Joining I-30 with I-40, Interstate 430 provides a both a western bypass of Little Rock and a commuter route. The I-430 bridge across the Arkansas River is the lone crossing of the waterway between Downtown Little Rock and Conway, some 25 miles to the northwest.
Early plans for both Interstate 430 and I-630 in western Little Rock originated in the mid 1950s. During that time period, University Avenue represented the western extent of the built up area of the capital city. Interstate 430 was constructed initially from Markham Street in west Little Rock to I-40 near Crystal Hill. The route was completed in 1975 at a total cost of $67 million.
The Big Rock Interchange, where I-430 converges with the west end of I-630, opened in 1977. Rapid development along the west side of the exchange resulted in a 400% increase of traffic within the vicinity along both freeways. The Arkansas Highway Commission authorized a study for area improvements in 2004. Plans for the interchange upgrade were announced in 2006.1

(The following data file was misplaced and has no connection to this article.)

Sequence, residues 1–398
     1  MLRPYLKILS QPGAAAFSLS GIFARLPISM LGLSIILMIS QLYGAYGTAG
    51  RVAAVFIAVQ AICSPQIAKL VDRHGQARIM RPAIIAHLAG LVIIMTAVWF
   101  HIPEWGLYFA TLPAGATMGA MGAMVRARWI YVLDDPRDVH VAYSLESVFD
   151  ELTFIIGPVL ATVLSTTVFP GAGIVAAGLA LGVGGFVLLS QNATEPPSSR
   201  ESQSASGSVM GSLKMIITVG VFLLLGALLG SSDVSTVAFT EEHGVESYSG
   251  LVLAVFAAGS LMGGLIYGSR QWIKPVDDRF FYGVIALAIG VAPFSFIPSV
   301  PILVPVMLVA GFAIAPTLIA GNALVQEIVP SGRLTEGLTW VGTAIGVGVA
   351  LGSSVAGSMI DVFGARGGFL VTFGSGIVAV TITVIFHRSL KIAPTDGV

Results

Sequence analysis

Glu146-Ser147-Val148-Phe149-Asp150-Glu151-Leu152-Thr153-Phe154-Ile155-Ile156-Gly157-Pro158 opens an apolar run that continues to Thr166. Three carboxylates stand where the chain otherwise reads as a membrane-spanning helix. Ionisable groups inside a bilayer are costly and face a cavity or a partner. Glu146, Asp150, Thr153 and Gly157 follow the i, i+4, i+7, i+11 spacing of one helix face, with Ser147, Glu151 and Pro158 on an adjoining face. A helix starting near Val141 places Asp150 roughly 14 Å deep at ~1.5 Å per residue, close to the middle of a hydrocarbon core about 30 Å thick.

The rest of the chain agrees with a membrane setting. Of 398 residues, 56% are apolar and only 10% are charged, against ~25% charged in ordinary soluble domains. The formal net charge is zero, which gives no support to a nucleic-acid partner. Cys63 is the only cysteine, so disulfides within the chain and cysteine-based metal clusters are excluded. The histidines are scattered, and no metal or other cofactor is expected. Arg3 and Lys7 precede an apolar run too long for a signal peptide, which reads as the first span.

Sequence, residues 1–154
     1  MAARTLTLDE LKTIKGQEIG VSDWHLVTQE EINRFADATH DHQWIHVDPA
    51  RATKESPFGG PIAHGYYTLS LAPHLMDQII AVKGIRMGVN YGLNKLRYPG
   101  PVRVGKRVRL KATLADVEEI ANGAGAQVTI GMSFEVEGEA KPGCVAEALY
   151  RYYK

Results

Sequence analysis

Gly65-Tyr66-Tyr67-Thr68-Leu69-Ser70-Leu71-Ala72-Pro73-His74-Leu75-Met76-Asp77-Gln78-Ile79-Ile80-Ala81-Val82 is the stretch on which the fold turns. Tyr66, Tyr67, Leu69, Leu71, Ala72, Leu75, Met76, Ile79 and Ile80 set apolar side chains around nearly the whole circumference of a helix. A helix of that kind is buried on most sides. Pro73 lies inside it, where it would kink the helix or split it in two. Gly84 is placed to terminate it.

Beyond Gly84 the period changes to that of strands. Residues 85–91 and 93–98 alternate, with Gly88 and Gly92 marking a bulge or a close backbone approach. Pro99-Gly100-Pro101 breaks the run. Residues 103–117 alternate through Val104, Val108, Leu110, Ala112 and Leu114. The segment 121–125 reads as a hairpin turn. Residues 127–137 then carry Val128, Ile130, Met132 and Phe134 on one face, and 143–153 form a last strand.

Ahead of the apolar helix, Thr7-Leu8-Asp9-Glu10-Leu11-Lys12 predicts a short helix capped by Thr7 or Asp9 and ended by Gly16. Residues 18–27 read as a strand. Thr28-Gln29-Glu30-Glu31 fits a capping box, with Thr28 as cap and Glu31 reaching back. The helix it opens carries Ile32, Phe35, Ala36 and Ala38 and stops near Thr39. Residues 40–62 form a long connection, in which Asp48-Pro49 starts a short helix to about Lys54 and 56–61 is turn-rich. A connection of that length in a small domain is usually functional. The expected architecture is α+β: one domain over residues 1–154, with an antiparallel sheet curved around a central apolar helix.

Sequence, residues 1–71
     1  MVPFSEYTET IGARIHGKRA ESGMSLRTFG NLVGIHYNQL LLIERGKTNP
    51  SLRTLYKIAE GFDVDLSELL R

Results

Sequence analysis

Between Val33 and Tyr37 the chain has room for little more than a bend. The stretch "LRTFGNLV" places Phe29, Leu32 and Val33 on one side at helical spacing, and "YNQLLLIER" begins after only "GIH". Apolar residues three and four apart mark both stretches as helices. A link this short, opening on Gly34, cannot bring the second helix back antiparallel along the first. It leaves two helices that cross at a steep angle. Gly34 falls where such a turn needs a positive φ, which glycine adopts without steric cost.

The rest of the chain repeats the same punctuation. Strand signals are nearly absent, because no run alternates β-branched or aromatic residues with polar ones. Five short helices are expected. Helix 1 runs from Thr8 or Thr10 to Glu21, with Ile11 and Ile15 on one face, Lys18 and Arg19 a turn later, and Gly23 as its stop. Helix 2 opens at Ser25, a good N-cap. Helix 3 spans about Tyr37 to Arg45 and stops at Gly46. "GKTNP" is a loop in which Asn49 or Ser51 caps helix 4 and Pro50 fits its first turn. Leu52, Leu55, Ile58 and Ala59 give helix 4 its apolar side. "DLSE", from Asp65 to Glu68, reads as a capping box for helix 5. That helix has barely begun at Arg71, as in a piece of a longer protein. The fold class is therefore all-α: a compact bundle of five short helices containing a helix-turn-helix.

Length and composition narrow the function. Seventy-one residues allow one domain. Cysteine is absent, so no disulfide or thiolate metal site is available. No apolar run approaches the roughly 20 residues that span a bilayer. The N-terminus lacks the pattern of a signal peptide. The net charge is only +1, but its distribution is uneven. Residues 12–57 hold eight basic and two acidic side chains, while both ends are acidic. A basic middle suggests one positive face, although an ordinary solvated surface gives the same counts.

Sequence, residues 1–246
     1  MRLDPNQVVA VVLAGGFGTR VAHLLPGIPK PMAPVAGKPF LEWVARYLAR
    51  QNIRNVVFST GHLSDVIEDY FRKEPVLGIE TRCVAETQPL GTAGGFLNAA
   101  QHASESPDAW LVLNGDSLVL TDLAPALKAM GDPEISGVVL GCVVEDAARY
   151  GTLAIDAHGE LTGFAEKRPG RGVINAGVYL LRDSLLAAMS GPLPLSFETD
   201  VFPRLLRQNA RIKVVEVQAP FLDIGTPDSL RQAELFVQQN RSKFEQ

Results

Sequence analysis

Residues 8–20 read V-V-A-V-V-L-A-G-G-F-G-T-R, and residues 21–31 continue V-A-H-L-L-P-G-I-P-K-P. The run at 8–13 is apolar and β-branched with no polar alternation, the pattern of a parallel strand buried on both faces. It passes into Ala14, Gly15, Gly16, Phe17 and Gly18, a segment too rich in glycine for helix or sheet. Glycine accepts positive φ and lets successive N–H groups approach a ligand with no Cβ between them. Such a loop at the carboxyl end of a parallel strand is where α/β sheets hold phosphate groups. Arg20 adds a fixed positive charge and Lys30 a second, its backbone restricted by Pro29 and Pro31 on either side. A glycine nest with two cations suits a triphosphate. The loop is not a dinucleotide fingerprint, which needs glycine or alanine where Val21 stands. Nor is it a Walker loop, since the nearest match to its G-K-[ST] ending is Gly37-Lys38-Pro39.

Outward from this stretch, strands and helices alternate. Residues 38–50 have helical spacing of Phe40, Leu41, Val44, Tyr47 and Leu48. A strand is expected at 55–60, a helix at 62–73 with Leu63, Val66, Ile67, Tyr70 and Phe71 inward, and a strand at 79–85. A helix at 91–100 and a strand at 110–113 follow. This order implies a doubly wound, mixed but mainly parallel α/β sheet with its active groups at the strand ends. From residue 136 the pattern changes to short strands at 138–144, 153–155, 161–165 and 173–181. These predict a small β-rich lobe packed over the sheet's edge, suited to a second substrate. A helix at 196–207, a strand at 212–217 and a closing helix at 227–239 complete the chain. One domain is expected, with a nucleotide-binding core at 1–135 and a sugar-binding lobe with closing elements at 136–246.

The first of three construction phases to rebuild the Big Rock Interchange commenced in January 2009.1 The third phase added two high speed flyovers. The interchange name was derived from a 5 million pound rock formation uncovered during construction. The nearly $150 million project was dedicated on July 8, 2015.2
The diamond interchange (Exit 5) with Shackleford Road on Interstate 430 was added sometime between 1982 to 1984. The addition of the exchange at Exit 5 coincided with expansion of I-430 to eight overall lanes northward from Shackleford Road to Rodney Parham Road (Exit 8).3